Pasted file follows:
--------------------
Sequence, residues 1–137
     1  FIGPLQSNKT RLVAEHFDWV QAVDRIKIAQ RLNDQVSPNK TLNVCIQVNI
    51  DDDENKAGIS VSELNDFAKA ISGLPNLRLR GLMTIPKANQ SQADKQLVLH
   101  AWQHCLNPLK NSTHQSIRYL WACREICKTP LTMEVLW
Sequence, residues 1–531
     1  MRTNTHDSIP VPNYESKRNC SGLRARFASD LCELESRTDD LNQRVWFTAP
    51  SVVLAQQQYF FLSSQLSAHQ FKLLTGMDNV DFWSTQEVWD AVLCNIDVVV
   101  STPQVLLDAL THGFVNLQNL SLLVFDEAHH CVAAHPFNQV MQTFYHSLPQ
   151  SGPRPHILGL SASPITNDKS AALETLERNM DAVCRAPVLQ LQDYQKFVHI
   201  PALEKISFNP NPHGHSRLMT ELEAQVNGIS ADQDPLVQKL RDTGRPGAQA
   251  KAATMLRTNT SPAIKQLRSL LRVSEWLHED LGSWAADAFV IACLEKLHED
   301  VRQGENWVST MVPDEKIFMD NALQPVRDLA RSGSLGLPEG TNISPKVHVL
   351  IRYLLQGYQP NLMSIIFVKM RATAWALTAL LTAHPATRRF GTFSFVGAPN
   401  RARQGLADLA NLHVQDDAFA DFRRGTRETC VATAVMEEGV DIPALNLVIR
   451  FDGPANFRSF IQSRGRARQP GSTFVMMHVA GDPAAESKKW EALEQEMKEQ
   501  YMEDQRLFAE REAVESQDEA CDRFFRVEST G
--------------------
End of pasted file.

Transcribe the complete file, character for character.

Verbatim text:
Sequence, residues 1–137
     1  FIGPLQSNKT RLVAEHFDWV QAVDRIKIAQ RLNDQVSPNK TLNVCIQVNI
    51  DDDENKAGIS VSELNDFAKA ISGLPNLRLR GLMTIPKANQ SQADKQLVLH
   101  AWQHCLNPLK NSTHQSIRYL WACREICKTP LTMEVLW
Sequence, residues 1–531
     1  MRTNTHDSIP VPNYESKRNC SGLRARFASD LCELESRTDD LNQRVWFTAP
    51  SVVLAQQQYF FLSSQLSAHQ FKLLTGMDNV DFWSTQEVWD AVLCNIDVVV
   101  STPQVLLDAL THGFVNLQNL SLLVFDEAHH CVAAHPFNQV MQTFYHSLPQ
   151  SGPRPHILGL SASPITNDKS AALETLERNM DAVCRAPVLQ LQDYQKFVHI
   201  PALEKISFNP NPHGHSRLMT ELEAQVNGIS ADQDPLVQKL RDTGRPGAQA
   251  KAATMLRTNT SPAIKQLRSL LRVSEWLHED LGSWAADAFV IACLEKLHED
   301  VRQGENWVST MVPDEKIFMD NALQPVRDLA RSGSLGLPEG TNISPKVHVL
   351  IRYLLQGYQP NLMSIIFVKM RATAWALTAL LTAHPATRRF GTFSFVGAPN
   401  RARQGLADLA NLHVQDDAFA DFRRGTRETC VATAVMEEGV DIPALNLVIR
   451  FDGPANFRSF IQSRGRARQP GSTFVMMHVA GDPAAESKKW EALEQEMKEQ
   501  YMEDQRLFAE REAVESQDEA CDRFFRVEST G